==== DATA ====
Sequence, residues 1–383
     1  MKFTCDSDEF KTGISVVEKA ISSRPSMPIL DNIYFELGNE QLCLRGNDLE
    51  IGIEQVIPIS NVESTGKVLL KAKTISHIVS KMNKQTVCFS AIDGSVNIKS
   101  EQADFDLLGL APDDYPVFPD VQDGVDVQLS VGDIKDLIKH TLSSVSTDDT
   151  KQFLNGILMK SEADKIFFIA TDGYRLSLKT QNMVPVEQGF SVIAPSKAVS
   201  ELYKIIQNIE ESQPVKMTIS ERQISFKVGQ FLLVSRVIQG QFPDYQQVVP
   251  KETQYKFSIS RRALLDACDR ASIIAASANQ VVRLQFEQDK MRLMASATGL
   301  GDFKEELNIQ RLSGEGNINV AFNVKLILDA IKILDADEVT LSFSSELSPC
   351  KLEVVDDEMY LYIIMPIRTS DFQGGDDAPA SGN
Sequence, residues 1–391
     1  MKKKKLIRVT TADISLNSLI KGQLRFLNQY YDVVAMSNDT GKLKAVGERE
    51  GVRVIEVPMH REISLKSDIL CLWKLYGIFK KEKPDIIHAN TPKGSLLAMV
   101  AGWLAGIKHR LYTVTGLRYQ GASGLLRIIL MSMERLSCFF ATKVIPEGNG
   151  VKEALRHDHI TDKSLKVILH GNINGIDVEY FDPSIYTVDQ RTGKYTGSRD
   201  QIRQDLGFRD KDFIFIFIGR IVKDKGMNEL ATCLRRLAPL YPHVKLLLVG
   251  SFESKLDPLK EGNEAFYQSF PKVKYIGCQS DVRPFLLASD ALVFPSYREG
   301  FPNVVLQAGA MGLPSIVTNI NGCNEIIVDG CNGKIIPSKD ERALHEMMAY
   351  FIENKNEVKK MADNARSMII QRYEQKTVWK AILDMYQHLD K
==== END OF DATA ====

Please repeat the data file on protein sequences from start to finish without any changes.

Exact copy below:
Sequence, residues 1–383
     1  MKFTCDSDEF KTGISVVEKA ISSRPSMPIL DNIYFELGNE QLCLRGNDLE
    51  IGIEQVIPIS NVESTGKVLL KAKTISHIVS KMNKQTVCFS AIDGSVNIKS
   101  EQADFDLLGL APDDYPVFPD VQDGVDVQLS VGDIKDLIKH TLSSVSTDDT
   151  KQFLNGILMK SEADKIFFIA TDGYRLSLKT QNMVPVEQGF SVIAPSKAVS
   201  ELYKIIQNIE ESQPVKMTIS ERQISFKVGQ FLLVSRVIQG QFPDYQQVVP
   251  KETQYKFSIS RRALLDACDR ASIIAASANQ VVRLQFEQDK MRLMASATGL
   301  GDFKEELNIQ RLSGEGNINV AFNVKLILDA IKILDADEVT LSFSSELSPC
   351  KLEVVDDEMY LYIIMPIRTS DFQGGDDAPA SGN
Sequence, residues 1–391
     1  MKKKKLIRVT TADISLNSLI KGQLRFLNQY YDVVAMSNDT GKLKAVGERE
    51  GVRVIEVPMH REISLKSDIL CLWKLYGIFK KEKPDIIHAN TPKGSLLAMV
   101  AGWLAGIKHR LYTVTGLRYQ GASGLLRIIL MSMERLSCFF ATKVIPEGNG
   151  VKEALRHDHI TDKSLKVILH GNINGIDVEY FDPSIYTVDQ RTGKYTGSRD
   201  QIRQDLGFRD KDFIFIFIGR IVKDKGMNEL ATCLRRLAPL YPHVKLLLVG
   251  SFESKLDPLK EGNEAFYQSF PKVKYIGCQS DVRPFLLASD ALVFPSYREG
   301  FPNVVLQAGA MGLPSIVTNI NGCNEIIVDG CNGKIIPSKD ERALHEMMAY
   351  FIENKNEVKK MADNARSMII QRYEQKTVWK AILDMYQHLD K